|Congenital stromal corneal dystrophy|
|The cornea is particularly opaque in the anterior stroma by slit-lamp biomicroscopy|
|Classification and external resources|
Congenital stromal corneal dystrophy (CSCD), also called Witschel dystrophy, is an extremely rare, autosomal dominant form of corneal dystrophy. Only 4 families have been reported to have the disease by 2009. The main features of the disease are numerous opaque flaky or feathery areas of clouding in the stroma that multiply with age and eventually preclude visibility of the endothelium. Strabismus or primary open angle glaucoma was noted in some of the patients. Thickness of the cornea stays the same, Descemet’s membrane and endothelium are relatively unaffected, but the fibrills of collagen that constitute stromal lamellae are reduced in diameter and lamellae themselves are packed significantly more tightly.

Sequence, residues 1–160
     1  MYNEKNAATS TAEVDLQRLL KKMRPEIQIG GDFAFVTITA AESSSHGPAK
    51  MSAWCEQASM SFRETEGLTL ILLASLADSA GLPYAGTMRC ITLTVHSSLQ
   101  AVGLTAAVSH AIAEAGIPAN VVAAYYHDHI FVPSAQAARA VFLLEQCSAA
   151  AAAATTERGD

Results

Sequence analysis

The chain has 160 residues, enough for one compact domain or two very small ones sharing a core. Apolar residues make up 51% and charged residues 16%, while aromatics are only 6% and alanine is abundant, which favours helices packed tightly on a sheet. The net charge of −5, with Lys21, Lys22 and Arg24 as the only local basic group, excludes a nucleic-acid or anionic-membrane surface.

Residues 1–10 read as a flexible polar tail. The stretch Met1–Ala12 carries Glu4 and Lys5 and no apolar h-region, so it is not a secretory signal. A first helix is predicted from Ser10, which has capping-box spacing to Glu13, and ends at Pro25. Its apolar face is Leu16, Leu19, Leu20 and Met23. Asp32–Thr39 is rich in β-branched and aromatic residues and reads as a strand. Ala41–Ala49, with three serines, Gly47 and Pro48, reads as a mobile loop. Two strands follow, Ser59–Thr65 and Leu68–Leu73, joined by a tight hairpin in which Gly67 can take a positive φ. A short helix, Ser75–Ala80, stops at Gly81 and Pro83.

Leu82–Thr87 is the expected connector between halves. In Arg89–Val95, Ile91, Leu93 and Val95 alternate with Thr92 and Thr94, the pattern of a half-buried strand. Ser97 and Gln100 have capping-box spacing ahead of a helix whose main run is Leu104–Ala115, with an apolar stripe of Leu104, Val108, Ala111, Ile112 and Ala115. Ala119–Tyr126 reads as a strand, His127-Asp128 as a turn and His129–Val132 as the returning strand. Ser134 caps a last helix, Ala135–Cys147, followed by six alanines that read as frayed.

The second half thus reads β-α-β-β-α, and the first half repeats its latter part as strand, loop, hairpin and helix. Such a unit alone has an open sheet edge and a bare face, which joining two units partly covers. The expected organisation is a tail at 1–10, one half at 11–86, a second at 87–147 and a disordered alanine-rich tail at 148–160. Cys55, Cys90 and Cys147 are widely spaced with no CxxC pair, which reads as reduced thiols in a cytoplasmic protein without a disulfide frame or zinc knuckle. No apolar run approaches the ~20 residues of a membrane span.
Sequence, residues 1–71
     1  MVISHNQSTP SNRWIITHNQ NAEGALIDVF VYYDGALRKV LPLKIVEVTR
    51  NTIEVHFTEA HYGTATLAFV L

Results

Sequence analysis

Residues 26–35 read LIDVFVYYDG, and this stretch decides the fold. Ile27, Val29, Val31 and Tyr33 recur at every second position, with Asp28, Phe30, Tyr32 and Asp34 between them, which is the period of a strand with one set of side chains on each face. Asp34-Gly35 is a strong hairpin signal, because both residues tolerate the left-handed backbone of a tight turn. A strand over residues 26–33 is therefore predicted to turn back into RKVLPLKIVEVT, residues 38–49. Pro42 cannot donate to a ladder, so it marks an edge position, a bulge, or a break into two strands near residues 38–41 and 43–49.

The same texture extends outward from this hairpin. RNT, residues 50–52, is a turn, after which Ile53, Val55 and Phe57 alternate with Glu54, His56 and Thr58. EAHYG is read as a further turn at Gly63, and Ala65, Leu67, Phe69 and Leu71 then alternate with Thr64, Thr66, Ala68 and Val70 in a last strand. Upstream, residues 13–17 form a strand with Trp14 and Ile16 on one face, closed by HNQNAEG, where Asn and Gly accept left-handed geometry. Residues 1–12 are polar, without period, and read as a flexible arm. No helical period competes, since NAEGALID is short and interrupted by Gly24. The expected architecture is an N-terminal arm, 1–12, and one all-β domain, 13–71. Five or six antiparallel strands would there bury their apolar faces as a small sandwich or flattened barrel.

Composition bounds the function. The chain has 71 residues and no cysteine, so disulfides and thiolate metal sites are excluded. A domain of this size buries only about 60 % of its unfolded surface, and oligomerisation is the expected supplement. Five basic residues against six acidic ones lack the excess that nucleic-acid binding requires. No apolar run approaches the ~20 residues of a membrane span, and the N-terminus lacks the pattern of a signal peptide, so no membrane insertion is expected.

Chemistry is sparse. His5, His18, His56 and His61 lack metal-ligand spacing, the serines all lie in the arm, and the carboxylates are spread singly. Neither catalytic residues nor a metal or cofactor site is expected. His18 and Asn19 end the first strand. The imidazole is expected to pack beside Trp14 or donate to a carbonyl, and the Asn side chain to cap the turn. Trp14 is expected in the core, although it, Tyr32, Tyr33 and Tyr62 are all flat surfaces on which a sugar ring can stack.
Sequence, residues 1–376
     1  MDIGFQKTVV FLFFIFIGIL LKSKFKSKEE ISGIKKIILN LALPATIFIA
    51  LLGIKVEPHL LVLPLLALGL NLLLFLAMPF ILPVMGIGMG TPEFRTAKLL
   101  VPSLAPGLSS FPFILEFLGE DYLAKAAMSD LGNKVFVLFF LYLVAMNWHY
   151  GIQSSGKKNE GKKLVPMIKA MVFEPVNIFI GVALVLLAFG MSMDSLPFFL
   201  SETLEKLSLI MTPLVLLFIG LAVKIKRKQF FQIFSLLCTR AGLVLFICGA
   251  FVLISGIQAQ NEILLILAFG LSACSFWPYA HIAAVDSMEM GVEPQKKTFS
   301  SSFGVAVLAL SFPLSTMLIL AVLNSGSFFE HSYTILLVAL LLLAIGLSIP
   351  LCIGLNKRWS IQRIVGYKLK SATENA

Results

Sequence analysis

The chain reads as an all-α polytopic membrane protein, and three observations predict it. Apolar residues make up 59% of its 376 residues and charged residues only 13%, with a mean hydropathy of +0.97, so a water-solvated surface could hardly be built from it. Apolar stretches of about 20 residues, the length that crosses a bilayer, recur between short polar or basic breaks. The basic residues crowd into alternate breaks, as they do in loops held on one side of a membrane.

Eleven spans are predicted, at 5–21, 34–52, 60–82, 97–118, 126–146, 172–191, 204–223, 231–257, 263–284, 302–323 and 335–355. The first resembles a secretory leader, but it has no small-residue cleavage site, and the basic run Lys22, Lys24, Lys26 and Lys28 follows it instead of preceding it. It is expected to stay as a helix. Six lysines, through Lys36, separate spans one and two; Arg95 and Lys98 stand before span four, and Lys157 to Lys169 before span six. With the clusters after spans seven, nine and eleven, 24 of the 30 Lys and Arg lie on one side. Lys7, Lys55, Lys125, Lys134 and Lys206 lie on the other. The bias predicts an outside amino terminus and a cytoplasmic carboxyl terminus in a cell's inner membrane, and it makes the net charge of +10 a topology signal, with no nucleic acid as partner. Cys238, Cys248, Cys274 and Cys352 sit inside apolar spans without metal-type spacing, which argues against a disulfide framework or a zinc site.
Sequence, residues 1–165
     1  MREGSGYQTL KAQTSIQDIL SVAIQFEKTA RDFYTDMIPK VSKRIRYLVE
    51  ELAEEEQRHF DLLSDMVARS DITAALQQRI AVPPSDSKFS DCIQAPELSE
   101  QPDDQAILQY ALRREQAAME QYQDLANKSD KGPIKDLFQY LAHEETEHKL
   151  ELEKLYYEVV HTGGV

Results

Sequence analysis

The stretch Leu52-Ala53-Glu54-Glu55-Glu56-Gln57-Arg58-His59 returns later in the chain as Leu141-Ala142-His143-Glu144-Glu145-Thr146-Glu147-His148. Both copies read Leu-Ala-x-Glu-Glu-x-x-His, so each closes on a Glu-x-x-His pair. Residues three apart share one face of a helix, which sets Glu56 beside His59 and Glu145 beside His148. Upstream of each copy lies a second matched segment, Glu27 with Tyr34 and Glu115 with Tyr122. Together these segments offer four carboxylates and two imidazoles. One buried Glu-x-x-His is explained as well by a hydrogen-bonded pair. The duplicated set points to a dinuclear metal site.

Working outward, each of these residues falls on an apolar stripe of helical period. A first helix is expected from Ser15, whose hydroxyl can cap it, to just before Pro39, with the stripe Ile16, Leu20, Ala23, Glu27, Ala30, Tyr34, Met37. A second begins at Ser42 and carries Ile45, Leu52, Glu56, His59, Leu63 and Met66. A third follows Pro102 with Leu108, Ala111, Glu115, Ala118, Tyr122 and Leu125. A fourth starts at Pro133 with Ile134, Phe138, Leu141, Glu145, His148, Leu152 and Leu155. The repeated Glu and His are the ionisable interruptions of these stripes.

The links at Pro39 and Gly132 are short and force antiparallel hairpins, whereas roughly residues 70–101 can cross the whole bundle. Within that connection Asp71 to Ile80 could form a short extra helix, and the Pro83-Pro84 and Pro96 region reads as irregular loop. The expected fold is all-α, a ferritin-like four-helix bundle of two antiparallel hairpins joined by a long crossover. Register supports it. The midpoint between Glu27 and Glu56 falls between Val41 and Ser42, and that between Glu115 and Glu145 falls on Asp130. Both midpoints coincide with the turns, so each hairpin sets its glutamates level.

CSCD is associated with a mutation in the gene DCN that encodes the protein decorin, located at chromosome 12q22. The disorder is inherited in an autosomal dominant manner, which indicates that the defective gene responsible for a disorder is located on an autosome (chromosome 12 is an autosome), and only one copy of the gene is sufficient to cause the disorder, when inherited from a parent who has the disorder.
- Bredrup, C.; Knappskog, P. M.; Majewski, J.; Rødahl, E.; Boman, H. (February 2005). “Congenital stromal dystrophy of the cornea caused by a mutation in the decorin gene” (Free full text). Invest Ophthalmol Vis Sci. 46 (2): 420–426. doi:10.1167/iovs.04-0804. PMID 15671264.
- Klintworth GK (2009). “Corneal dystrophies”. Orphanet J Rare Dis. 4: 7. doi:10.1186/1750-1172-4-7. PMC . PMID 19236704.